Have you seen the latest FLAME hasbarah message? It's titled "Israel: A Light Unto the Nations---Those who demonize Israel are either misinformed or malevolent." This piece tells the truth about the Jewish nation---that it is an exemplary free and democratic society, one that deserves to be praised and emulated. I hope you'll review it, especially since we're entering the season of hateful rallies on university campuses claiming that Israel is an "apartheid state" (of course nothing could be farther from the truth). If you agree that FLAME's outspoken brand of public relations on Israel's behalf is critical, I urge you to support us. I hope as this year comes to a close, you'll consider giving a donation now, as you're able---with $500, $250, $100, or even $18. (Remember, your donation to FLAME is tax deductible.) To donate online, just go to Now more than ever we need your support to ensure that Israel gets the support it needs---from the U.S. Congress, from President Obama, and from the American people.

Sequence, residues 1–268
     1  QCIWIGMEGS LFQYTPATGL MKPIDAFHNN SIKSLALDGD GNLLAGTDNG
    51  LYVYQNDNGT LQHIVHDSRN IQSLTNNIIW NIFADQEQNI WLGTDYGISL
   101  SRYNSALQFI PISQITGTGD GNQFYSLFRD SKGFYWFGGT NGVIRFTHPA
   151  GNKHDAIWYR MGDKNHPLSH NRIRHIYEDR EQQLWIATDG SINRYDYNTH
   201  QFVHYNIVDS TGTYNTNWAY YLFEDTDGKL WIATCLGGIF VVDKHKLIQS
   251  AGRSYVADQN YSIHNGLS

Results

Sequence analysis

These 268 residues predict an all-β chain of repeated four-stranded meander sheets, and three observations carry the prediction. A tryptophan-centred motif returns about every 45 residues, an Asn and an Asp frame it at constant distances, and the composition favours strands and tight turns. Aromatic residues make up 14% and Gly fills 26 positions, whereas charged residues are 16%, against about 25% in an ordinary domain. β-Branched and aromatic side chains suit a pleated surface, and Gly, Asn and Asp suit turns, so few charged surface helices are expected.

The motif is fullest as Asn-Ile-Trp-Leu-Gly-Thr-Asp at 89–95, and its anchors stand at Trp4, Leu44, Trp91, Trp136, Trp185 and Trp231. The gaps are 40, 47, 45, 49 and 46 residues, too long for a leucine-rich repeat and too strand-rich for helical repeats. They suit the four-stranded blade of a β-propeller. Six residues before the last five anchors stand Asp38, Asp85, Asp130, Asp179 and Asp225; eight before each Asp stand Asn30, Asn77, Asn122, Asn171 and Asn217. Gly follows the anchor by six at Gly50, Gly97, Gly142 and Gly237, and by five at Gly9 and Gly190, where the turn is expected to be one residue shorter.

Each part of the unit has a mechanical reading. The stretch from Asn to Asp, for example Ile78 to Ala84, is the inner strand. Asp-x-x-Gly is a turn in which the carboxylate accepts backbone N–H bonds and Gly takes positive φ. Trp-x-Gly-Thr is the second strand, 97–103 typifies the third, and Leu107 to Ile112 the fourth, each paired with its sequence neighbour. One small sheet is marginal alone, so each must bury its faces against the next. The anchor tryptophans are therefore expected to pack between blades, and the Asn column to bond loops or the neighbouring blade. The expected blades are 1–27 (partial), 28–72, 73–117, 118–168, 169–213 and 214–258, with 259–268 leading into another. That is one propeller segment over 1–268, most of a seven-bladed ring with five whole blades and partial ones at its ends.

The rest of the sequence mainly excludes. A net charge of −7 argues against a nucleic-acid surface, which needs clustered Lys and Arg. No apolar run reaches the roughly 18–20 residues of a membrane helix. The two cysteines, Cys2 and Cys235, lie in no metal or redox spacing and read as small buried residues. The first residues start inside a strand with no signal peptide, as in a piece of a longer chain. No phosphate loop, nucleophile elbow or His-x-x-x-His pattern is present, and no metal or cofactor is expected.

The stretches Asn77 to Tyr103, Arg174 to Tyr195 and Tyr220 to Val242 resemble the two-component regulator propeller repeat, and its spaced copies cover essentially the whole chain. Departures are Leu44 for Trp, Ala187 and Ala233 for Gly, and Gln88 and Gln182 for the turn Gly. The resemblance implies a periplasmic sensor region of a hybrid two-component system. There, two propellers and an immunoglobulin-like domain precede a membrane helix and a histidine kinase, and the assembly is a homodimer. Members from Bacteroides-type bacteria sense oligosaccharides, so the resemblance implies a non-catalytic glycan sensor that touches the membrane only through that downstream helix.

The Tel Aviv Cluster
By David Brooks, January 11, 2010, The New York Times

Jews are a famously accomplished group. They make up 0.2 percent of the world population, but 54 percent of the world chess champions, 27 percent of the Nobel physics laureates and 31 percent of the medicine laureates.

Jews make up 2 percent of the U.S. population, but 21 percent of the Ivy League student bodies, 26 percent of the Kennedy Center honorees, 37 percent of the Academy Award-winning directors, 38 percent of those on a recent Business Week list of leading philanthropists, 51 percent of the Pulitzer Prize winners for nonfiction.

In his book, "The Golden Age of Jewish Achievement," Steven L. Pease lists some of the explanations people have given for this record of achievement. The Jewish faith encourages a belief in progress and personal accountability. It is learning-based, not rite-based.